Cassandra Summit Recap: Diagnosing Problems in Production
Last week at the Cassandra Summit I gave a talk with Blake Eggleston on diagnosing performance problems in production. We spoke to about 300 people for about 25 minutes followed by a healthy Q&A session. I’ve expanded on our presentation to include a few extra tools, screenshots, and more clarity on our talking points.
There’s finally a lot of material available for someone looking to get started with Cassandra. There’s several introductory videos on YouTube by both me and Patrick McFadin as well as videos on time series data modeling. I’ve posted videos for my own project, cqlengine, (intro & advanced), and plenty more on the PlanetCassandra channel. There’s also a boatload of getting started material on PlanetCassandra written by Rebecca Mills.
This is the guide for what to do once you’ve built your application and you’re ready to put Cassandra in production. Whether you’ve been in operations for years or you are first getting started, this post should give you a good sense of what you need in order to address any issues you encounter.
The original slides are available via Slideshare.
Update: the presentation is now available on YouTube!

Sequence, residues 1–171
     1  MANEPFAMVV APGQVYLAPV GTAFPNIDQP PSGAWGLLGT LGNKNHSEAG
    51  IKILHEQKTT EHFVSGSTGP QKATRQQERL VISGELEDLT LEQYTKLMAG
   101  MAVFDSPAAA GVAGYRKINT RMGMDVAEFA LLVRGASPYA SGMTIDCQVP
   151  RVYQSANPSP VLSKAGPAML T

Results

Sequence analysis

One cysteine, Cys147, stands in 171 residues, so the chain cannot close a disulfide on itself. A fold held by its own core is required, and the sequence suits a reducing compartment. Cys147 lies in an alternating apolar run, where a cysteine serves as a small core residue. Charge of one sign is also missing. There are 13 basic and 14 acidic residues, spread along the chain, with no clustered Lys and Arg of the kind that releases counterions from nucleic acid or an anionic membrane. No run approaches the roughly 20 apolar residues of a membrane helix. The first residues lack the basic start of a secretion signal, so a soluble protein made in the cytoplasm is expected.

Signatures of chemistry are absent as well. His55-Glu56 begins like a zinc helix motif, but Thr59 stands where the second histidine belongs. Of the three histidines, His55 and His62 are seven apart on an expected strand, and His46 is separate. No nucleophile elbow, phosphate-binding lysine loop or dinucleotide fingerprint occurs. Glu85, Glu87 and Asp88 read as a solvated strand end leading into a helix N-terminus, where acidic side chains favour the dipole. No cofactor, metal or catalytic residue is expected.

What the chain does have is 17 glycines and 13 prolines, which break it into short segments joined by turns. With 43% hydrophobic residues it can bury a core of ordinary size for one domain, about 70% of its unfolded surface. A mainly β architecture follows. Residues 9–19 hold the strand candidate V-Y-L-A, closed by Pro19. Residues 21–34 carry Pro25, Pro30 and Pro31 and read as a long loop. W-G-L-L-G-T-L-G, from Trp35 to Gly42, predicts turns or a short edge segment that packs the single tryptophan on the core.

Before you even put your cluster under load, there’s a few things you can set up that will help you diagnose problems if they pop up.
This is the standard management tool for Cassandra clusters. This is recommended for every cluster. While not open source, the community version is free. It gives you a high level overview of your cluster and provides historical metrics for the most important information. It comes with a variety of graphs that handle about 90% of what you need on a day to day basis.
Cassandra has since version 1.1 included the metrics library. In every release it tracks more metrics using it. Why is this awesome? In previous persons of Cassandra, the standard way to access what was going on in the internals was over JMX, a very Java centric communications protocol. That meant writing a Java Agent, setting up mx4j, or Jolokia, then digging through JMX, which can be a little hairy. Not everyone wants to do this much work.
The metrics library allows you to tell Cassandra to report its internal, table level metrics out to a whole slew of different places. Out to CSV, Ganglia, Graphite, and STDOUT, and it’s pluggable to push metrics to anywhere you want.
Munin, Nagios, Icinga (or other system metrics monitoring)
I’ve found these tools to be incredibly useful at graphing system metrics as well as custom application metrics. There are many options. If you’re already familiar with one tool, you can probably keep using it. There are hosted solutions as well (server density, data dog, etc)
Statsd, Graphite, Grafana